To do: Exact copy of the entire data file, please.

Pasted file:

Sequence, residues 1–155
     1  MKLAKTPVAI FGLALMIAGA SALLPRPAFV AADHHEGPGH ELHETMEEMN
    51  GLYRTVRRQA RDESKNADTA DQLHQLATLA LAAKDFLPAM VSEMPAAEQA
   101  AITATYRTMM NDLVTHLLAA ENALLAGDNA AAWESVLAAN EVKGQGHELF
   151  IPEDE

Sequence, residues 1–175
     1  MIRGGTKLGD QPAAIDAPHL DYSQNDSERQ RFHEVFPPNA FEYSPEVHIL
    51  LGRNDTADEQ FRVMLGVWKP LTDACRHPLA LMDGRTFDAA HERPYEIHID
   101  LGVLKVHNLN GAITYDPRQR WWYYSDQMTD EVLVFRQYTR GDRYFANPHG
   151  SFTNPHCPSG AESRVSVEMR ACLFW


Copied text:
Sequence, residues 1–155
     1  MKLAKTPVAI FGLALMIAGA SALLPRPAFV AADHHEGPGH ELHETMEEMN
    51  GLYRTVRRQA RDESKNADTA DQLHQLATLA LAAKDFLPAM VSEMPAAEQA
   101  AITATYRTMM NDLVTHLLAA ENALLAGDNA AAWESVLAAN EVKGQGHELF
   151  IPEDE

Sequence, residues 1–175
     1  MIRGGTKLGD QPAAIDAPHL DYSQNDSERQ RFHEVFPPNA FEYSPEVHIL
    51  LGRNDTADEQ FRVMLGVWKP LTDACRHPLA LMDGRTFDAA HERPYEIHID
   101  LGVLKVHNLN GAITYDPRQR WWYYSDQMTD EVLVFRQYTR GDRYFANPHG
   151  SFTNPHCPSG AESRVSVEMR ACLFW